SB: What is your favorite part about the job?
AB: My favorite part? The writing and editing, of course! I love coming up with ideas and issue themes and hearing ideas from our amazing team of writers and designers. I also love meeting readers at events and trade shows and hearing how the magazine has effected them.
SB: If someone walked up to you and asked for a quick advice, what would the first thing you will tell them?
AB: Never. Stop. It may take you years to achieve your goals, but if you give up, you may never achieve them. Will things get hard? Definitely. But it'll all be worth it in the end.
SB: Did you face any obstacles while building Sesi? If so how did you overcome them?
AB: YES! (We still do.) Our biggest obstacle has been getting advertisers to understand the value of print and the fact that we reach a niche audience that no other magazine in existence has reached. Without that stream of income, we've had moments where I wasn't sure how we would keep going, moments over the years when I said I was just going to quit, and I'd cry and cry. But, things worked out -- the printer made a deal with us, I was able to get working capital and donations. Things are getting better with advertisers now, but it's a process. Also, getting on the newsstand -- that was a huge obstacle. I wrote to the distributor we have now once a year for five years and they told me no. The sixth year, they reached out to me and said yes!
SB: What is your favorite quote?
AB: "If it is not ink on paper, it is not a magazine." -Samir Husni (aka Mr. Magazine) Magazines are sensory experiences. You can feel the pages between your fingers as you flip each one. You can smell the paper. You can tear out your favorite ads or articles and post them on your walls or in your lockers. You can dog ear pages to revisit later. You can write on them, underline or highlight passages. You can save them and reread them and pass them on to your friends. All of these things create memories -- each issue is like a time capsule. Of course, there is plenty of space for other media platforms as well -- video, online, social media, etc. But an honest-to-goodness magazine? It's print. And I feel this quote with every part of my being.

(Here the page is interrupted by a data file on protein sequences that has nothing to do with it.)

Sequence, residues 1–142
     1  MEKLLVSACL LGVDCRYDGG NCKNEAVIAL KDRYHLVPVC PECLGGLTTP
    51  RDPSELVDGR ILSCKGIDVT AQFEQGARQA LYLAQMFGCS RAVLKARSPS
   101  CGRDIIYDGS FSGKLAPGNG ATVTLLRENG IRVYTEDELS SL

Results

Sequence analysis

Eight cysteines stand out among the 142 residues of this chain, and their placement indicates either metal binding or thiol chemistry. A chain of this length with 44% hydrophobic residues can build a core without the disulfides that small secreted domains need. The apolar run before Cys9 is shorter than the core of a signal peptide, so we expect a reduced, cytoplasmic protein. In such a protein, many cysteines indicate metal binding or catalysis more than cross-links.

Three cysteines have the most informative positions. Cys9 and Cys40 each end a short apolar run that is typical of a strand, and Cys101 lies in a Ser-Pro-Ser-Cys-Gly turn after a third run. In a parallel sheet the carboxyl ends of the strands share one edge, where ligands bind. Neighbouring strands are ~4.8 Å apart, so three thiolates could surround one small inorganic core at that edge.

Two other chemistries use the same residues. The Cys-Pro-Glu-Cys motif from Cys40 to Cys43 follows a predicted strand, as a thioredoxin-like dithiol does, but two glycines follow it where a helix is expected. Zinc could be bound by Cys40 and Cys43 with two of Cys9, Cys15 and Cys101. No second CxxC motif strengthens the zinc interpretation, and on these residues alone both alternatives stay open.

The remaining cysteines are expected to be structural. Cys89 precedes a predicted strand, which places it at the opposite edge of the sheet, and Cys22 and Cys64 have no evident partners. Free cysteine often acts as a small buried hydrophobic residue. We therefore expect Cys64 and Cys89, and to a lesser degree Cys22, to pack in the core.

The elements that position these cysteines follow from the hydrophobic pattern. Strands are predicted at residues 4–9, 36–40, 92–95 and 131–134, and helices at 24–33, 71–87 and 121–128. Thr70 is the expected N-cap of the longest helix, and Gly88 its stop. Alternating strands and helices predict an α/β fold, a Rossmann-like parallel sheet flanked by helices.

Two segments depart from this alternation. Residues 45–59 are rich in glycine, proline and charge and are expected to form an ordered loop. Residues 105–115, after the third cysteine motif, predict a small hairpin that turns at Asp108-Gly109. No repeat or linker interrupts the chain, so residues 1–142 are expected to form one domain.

SB: What is one issue that you want to change about the world?
AB: That's a hard one because there are so many issues that need to be tackled; however, I know that these things can't be solved quickly. For example, we can definitely continue fighting hate, bigotry, and racism and make real change, but erasing it completely is probably not achievable because there will always be people out there who don't have the best intentions. I'll say this: professionally, I would like to continue to make a change in the area of representation for Black girls by publishing Sesi and sharing our stories, and also eventually hosting events, along with some other ideas I have floating in my mind. Personally, I will never stop speaking out against the ills of society, and I will always stand against all forms of hatred to help bring about a better world, whether it be through writing, speaking, voting, canvassing, and other actions.
SB: The theme of the Homegirl Project is "female empowerment." How does this topic impact your own life?
AB: For me, female empowerment is evident in my daily life. I feel empowered to continue creating a magazine that didn't exist before. I feel empowered to help empower other girls and young women. The magazine itself is female empowerment and is brought to life by a whole lot of Black girl magic.